1. What surprised you today, and why?
2. What’s the most important thing you learned today? Why do you think so?
3. What do you want to learn more about, and why?
4. When were you the most creative, and why do you think that is?
5. What made you curious today? How does learning feel different you’re curious?
6. When were you at your best today, and why?
7. (Assuming we were studying the same thing and you could decide and have access to anything), where would you start tomorrow? Why?
8. What can/ should you do with what you know?
Professional Learning Team (PLT) meeting and cycle:
1. What is the student ready to learn, and what is the evidence for this in terms of what the student can do, say, make or write?
2. What are the possible evidence-based intervention and the associated scaffolding processes for each?
3. What is the preferred intervention, and how will it be resourced and implemented?
4. What is the expected impact on learning, and how will this be evaluated?
5. What was the outcome, and how can this be interpreted?
Specific, Measurable, Achieveable, Realistic, Timebound, Agreed
This paragraph strikes a chord with me:
“In most school settings, educators have focused more on the completion of work and assignments than on a true development of understanding. Although this work can, if designed well, help foster understanding, more often than not its focus is on the replication of skills and knowledge, some new and some old. Classroom are too often places of “tell and practice.” The teacher tells the students what is important to know or do and then has them practice that skill or knowledge. In such classrooms, little thinking is happening. Teachers in such classrooms are rightly stumped when asked to identify the kinds of thinking they want to do because there is ‘t any to be found in much of the work they give students. Retention of information through rote practice isn’t learning; it is training.”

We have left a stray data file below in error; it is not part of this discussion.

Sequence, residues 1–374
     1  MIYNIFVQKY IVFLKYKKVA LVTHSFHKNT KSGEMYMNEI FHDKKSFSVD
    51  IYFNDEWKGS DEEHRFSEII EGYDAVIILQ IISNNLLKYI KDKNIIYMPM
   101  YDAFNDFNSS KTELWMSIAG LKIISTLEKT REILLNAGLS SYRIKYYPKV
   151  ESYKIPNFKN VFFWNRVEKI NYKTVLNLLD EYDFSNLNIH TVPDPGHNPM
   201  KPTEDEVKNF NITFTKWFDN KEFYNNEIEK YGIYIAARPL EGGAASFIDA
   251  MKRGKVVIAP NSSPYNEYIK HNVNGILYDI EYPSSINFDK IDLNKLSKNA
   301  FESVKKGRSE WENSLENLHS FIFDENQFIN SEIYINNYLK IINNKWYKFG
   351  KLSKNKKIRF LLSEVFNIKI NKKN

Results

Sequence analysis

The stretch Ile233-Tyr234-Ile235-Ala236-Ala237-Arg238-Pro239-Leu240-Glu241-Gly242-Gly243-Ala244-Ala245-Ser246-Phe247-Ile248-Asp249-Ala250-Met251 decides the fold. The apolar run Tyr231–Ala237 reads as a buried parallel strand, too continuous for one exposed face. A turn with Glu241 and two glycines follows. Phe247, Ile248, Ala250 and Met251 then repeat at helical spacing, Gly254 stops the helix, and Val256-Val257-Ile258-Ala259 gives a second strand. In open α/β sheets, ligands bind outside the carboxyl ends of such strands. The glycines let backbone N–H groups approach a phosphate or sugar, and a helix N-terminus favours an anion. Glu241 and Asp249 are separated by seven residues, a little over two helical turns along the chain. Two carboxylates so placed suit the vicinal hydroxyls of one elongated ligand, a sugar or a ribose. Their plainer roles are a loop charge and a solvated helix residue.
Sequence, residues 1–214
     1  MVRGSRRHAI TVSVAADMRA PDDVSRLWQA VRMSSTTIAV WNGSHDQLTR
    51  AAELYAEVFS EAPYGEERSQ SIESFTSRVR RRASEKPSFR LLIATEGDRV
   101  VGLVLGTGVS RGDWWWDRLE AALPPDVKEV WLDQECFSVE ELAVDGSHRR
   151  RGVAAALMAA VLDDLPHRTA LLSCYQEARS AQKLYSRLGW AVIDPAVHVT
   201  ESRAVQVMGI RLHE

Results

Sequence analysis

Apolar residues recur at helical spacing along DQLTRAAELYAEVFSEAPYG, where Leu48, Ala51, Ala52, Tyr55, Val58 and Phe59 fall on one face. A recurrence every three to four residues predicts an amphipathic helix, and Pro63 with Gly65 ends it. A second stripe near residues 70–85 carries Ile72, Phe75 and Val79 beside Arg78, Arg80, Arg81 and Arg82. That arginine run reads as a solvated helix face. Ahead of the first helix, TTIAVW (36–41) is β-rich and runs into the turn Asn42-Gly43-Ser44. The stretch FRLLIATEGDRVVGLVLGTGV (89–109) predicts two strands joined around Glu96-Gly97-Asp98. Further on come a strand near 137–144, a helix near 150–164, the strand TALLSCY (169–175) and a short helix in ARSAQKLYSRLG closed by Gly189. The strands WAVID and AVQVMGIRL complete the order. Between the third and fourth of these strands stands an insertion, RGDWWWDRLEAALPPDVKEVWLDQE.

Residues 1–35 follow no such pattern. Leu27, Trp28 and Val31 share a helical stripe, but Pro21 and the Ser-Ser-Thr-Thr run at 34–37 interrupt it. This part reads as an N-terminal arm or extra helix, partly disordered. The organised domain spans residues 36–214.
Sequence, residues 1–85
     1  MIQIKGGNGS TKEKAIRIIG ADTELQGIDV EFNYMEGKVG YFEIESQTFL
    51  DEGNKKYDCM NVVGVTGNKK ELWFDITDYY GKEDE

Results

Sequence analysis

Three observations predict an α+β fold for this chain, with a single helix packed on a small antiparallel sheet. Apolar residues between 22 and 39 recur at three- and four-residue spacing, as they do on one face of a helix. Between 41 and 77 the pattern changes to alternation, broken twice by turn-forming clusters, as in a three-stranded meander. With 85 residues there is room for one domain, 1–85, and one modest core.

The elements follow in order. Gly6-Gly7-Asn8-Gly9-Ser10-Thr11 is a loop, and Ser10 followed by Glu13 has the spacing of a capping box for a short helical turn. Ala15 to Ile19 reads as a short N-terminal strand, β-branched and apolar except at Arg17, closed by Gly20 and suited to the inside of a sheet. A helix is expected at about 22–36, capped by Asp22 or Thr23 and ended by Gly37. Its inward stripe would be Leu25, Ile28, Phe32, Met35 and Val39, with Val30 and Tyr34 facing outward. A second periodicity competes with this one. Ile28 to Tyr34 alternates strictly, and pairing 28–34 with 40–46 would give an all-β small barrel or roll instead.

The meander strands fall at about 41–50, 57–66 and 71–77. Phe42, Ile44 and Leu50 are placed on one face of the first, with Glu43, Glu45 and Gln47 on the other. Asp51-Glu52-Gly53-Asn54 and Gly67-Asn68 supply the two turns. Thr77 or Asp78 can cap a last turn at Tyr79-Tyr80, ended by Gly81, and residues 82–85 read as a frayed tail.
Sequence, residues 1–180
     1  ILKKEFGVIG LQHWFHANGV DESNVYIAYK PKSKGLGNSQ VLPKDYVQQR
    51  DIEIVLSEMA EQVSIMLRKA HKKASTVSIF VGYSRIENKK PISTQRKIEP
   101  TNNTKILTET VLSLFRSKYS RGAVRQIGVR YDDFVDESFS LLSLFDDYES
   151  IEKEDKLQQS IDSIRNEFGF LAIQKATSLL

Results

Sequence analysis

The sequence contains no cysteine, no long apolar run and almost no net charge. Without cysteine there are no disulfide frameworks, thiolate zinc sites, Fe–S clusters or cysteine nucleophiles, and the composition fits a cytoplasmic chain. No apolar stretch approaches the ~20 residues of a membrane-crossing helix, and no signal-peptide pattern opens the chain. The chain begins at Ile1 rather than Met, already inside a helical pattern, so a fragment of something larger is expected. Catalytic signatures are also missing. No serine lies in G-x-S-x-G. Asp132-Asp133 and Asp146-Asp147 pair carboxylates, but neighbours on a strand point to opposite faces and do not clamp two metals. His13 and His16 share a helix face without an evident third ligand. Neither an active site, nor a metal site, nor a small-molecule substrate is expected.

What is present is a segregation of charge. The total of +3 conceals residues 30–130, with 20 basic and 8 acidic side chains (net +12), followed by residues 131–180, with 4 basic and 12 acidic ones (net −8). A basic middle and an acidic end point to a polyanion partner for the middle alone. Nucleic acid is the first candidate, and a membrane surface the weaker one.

The opposite is also a problem, that is when the class is full of activity, but the students don’t really understand the point of the activities.
In order to understand thinking requires:
1. Observing closely and describing what’s there
2. Building explanations and interpretations
3. Reasoning with evidence
4. Making connections
5. Considering different viewpoints and perspectives
6. Capturing the heart and forming conclusions
And two additional thinking moves;
7. Wondering and asking questions
8. Uncovering complexity and going below the surface of things.
Additional types of thinking that are useful in the areas of problem solving, decision making, and forming judgments include:
1. Identifying patterns and making generalisations
2. Generating possibilities and alternatives
3. Evaluating evidence, arguments, and actions
4. Formulating plans and monitoring actions
5. Identifying claims, assumptions, and bias
6. Clarifying priorities, conditions, and what is known
Interesting that through his research Wiliam has found that students respond more positively to feedback when comments are given rather than grades or grades and comments.
Teacher praise is far more effective if it is infrequent, credible,contingent, specific and genuine (Brophy, 1981).
“…feedback is rather like the scene in the rear view mirror rather than through the windshield.” Feedback functions formatively only if the information fed back to the learner is used by the learner in improving performance.
Comparison with sports coaching is illuminating and something I relate strongly with. Feedback on the “how” is important.
“The secret of effective feedback is that saying what’s wrong isn’t enough; to be effective, feedback must provide a recipe for future action.”
“The skill of being able to break down a long learning journey – from where the student is rit now to where she needs to be – into a series of small steps takes years for even the most capable coaches to develop.”
Alfie Kohn (1994): “Never grade students while they are still learning”. As soon as students get a grade the learning stops.
“We need classroom assessment systems that are designed primarily to support learning and deal in data that are recorded at a level that is useful for teachers, students, and parents in determining where students are in their learning. Such fine-scale evidence can always be aggregated for summative reporting. It is not possible to go the other way: from aggregate reports of achievement to learning needs.”
“Feedback should cause thinking.”
…don’t provide feedback unless you allow time, in class, to work on using the feedback to improve their work.
… Feedback should be more work for the recipient than the donor.
Needs to cause thinking rather than an emotional response.
Should relate to learning goals that have been shared with the students .
Should increase the extent to which students are owners of their own learning.